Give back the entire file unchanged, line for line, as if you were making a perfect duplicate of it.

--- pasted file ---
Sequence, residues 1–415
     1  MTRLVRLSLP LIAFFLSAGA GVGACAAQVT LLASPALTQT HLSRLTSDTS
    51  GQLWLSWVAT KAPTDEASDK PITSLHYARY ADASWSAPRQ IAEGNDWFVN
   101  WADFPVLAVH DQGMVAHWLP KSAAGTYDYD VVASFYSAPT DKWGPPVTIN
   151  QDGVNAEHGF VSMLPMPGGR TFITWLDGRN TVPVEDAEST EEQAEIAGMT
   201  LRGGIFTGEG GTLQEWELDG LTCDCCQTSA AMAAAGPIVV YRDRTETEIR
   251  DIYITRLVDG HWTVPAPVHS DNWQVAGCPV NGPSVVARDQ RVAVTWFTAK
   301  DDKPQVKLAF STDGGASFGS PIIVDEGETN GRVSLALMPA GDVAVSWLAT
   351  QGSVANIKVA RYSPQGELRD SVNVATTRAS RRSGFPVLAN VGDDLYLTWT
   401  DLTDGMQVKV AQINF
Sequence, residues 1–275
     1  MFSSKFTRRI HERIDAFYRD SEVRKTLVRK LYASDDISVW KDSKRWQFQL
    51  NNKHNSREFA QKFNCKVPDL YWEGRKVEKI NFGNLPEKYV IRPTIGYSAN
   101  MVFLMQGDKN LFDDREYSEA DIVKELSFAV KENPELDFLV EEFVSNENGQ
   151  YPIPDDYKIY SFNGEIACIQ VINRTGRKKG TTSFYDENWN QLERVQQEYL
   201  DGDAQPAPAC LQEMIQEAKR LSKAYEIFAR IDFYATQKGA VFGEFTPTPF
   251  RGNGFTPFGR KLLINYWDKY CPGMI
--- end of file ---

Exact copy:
Sequence, residues 1–415
     1  MTRLVRLSLP LIAFFLSAGA GVGACAAQVT LLASPALTQT HLSRLTSDTS
    51  GQLWLSWVAT KAPTDEASDK PITSLHYARY ADASWSAPRQ IAEGNDWFVN
   101  WADFPVLAVH DQGMVAHWLP KSAAGTYDYD VVASFYSAPT DKWGPPVTIN
   151  QDGVNAEHGF VSMLPMPGGR TFITWLDGRN TVPVEDAEST EEQAEIAGMT
   201  LRGGIFTGEG GTLQEWELDG LTCDCCQTSA AMAAAGPIVV YRDRTETEIR
   251  DIYITRLVDG HWTVPAPVHS DNWQVAGCPV NGPSVVARDQ RVAVTWFTAK
   301  DDKPQVKLAF STDGGASFGS PIIVDEGETN GRVSLALMPA GDVAVSWLAT
   351  QGSVANIKVA RYSPQGELRD SVNVATTRAS RRSGFPVLAN VGDDLYLTWT
   401  DLTDGMQVKV AQINF
Sequence, residues 1–275
     1  MFSSKFTRRI HERIDAFYRD SEVRKTLVRK LYASDDISVW KDSKRWQFQL
    51  NNKHNSREFA QKFNCKVPDL YWEGRKVEKI NFGNLPEKYV IRPTIGYSAN
   101  MVFLMQGDKN LFDDREYSEA DIVKELSFAV KENPELDFLV EEFVSNENGQ
   151  YPIPDDYKIY SFNGEIACIQ VINRTGRKKG TTSFYDENWN QLERVQQEYL
   201  DGDAQPAPAC LQEMIQEAKR LSKAYEIFAR IDFYATQKGA VFGEFTPTPF
   251  RGNGFTPFGR KLLINYWDKY CPGMI